In Defence of Codes

Did the latest Paris Fashion Show suggest that ‘power dressing’ for women suffers from a lack of variety, as Robin Givhan suggested in her Washington Post article (see my previous blog entry), or an excess of variety, as Vanessa Friedman argues in her recent NYT piece?

Both arguments seem to agree on the absence of a generally acceptable sartorial code through which to express the social, political or institutional power of women. But while Givhan suggest that this has yet to be fully developed, Friedman’s seems to describe, indeed celebrate, the current demise of such a code.

What does female power dressing look like today? … The struggle to provide an answer formed the subtext of the recent fashion season, which ended last week in Paris. Many proposals were made, but few conclusions reached.

As the main driving force behind this development she identifies the still increasing individualisation (and atomisation) of late modern society.

We are in a convulsive moment of change, one in which the old order and the new coexist in uneasy alliance; one in which received notions of presentation are increasingly being rejected in favor of individual identity. A person’s experience and history are worn as badges of pride, not disguised so as to better blend in.

Consequently, the disappearance of professional and institutional dress codes, Friedman suggests, is to be welcomed, and we should celebrate a

loosening of bounds, … an expression of the reality that diversity of all kinds (thought, aesthetic, opinion) is on the rise, and that the uniform is no longer an object of desire. An acknowledgment that there are many different kinds of power and ways to design for them.

And so we are encouraged to slip the surly bonds of dress codes and to assert our freedom of choice, to dress creatively and expressively, when we shall have ‘to decide what all of this means for [ourselves]. Because right now, there are so very many, many possibilities’.

But we already know where this ends. Because ‘individual style’ is actually an oxymoron – all style refers to a socially recognised (if sometimes implicitly) code, and individuality is only possible in contrast with, and as a playful engagement with, the code – this ‘liberation’ will end in sartorial anomie. To refer to Andrew Hill’s caustic argument one more time, if we can all dress as we like, we’ll all end up looking the same. In the absence of a code for power dressing, no sense of power and identity can be discerned. The same colleague who defiantly proclaims that she does not want to waste too much thought on the way she dresses also complains to me that she regularly gets mistaken for a postgraduate student in our department.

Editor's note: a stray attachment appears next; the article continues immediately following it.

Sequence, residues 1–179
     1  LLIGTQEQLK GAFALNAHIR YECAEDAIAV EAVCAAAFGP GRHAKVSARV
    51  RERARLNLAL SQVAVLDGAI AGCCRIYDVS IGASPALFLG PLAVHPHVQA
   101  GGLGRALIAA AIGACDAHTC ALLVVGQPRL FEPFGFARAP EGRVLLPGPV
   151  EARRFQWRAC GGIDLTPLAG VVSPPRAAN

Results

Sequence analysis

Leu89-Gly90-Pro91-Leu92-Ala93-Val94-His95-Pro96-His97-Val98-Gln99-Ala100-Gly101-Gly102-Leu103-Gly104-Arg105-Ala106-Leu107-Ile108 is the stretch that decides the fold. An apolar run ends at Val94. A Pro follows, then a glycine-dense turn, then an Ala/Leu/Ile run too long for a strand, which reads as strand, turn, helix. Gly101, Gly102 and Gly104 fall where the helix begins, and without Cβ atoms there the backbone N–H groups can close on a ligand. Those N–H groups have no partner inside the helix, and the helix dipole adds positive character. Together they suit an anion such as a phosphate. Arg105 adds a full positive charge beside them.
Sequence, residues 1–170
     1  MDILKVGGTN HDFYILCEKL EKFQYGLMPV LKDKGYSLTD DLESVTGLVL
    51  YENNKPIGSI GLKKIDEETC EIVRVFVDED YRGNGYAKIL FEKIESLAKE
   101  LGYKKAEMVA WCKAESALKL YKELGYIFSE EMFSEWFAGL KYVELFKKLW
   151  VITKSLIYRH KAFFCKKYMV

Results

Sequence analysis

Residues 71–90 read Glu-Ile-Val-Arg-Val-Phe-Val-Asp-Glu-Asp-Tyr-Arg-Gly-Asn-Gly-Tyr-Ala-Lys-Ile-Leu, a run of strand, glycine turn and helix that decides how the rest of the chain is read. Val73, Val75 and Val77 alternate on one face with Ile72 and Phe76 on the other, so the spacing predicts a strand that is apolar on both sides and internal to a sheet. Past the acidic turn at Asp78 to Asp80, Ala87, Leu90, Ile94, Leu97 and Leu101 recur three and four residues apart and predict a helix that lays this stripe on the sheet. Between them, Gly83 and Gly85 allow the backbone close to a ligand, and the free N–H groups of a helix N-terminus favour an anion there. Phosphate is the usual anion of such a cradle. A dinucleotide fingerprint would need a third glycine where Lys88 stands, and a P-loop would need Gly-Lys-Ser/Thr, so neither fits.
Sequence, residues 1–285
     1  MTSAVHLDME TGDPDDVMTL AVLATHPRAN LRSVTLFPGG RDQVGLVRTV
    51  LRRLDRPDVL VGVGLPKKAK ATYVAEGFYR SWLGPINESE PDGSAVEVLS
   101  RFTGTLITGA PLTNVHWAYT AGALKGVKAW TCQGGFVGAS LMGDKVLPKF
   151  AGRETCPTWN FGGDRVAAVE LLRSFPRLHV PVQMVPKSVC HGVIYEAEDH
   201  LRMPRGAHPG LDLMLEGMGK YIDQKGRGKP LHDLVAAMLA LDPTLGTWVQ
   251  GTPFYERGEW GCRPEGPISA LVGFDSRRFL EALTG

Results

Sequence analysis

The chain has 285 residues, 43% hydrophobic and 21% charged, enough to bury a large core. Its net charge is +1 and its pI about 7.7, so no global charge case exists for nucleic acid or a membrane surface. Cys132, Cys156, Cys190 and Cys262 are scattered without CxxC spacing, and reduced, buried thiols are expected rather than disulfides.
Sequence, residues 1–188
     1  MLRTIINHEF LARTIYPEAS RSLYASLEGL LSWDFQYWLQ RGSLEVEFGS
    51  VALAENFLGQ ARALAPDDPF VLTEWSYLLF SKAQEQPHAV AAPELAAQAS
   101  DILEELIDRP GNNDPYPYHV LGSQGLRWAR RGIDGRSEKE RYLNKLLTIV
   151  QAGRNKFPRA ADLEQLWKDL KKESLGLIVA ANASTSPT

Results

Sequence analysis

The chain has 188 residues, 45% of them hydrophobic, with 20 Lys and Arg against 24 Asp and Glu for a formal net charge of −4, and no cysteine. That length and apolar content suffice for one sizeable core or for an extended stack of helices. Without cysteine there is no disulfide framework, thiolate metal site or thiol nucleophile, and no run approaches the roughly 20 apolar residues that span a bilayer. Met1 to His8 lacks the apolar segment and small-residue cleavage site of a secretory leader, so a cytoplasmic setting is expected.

To relax the power dress code simply means to hide power. Universities, political institutions and private companies are no less hierarchical for letting their staff and employees ‘dress down’. In fact, as a recent article in, interestingly enough, the Business section of the Washington Post demonstrates, the recent decision of Goldman Sachs to relax their professional dress code only benefits men, and puts female employees under additional pressure. While ‘all the men are psyched’, for women the question now becomes again how to dress for respect. The enforcement of a general corporate dress code gave them a clear reference point to express professional status via sartorial performance. The relaxation of this code once again makes this difficult as men do not depend on their sartorial skills as much as women to be taken seriously and considered successful professionals.

Women at work who feel pressure to prove they deserve to be in the room might be wary of ditching their blazers and pumps.

“We’ve just achieved the parity of the pantsuit, and suddenly we’re told the standard pantsuit is no longer standard workforce attire,” Scafidi said. “Women will need to find another way to achieve parity in attire at business casual or some other lower level of formality.”

While dressing down might carry the danger of being once again disregarded, insisting on proper dress code might now insinuate that female employees are uptight and stiff. Moreover, while men have a fairly wide range of ‘casualwear’ such as polos and khakis, ‘women don’t have a business casual uniform in the same way’.

So the ‘liberation’ from the ‘power dress code’ is anything but. It re-confirms gendered power structures and only facilitates personal choices for men. For women, it simply redefines sartorial imperatives, now less clearly established and more ambiguous than before. The solution to the role of codes of professional and power dressing is therefore not to ignore or dismantle them. Rather, it is to hold men to the same sartorial standards as women, and judge their professional status in similar terms.

And I am not all that opposed to bringing back the academic gown for academic staff…

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Once again: women and sartorial empowerment

In a recent WaPo article, one of my favourite fashion writer Robin Givhan deplores the alleged lack of a sartorial ‘vocabulary’ for expressing the power of women in politics.

The reality is that women don’t need particular garments to make them feel powerful but they still need clothes to help them look the part.The culture hasn’t yet reached the point at which a ruffly, pinafore-style dress with a Peter Pan collar telegraphs power the way that a navy pinstriped suit does. It’s not fair but that’s the reality. Men, at least white men, can wear track pants and hoodies and no one questions their intelligence or whether they are worthy of respect. Bernie Sanders can pound the hustings looking like he slept in his clothes and people equate the wrinkled suit with being an absent-minded professor type rather than just a slovenly mess. Men come draped in an invisible cloak of legitimacy.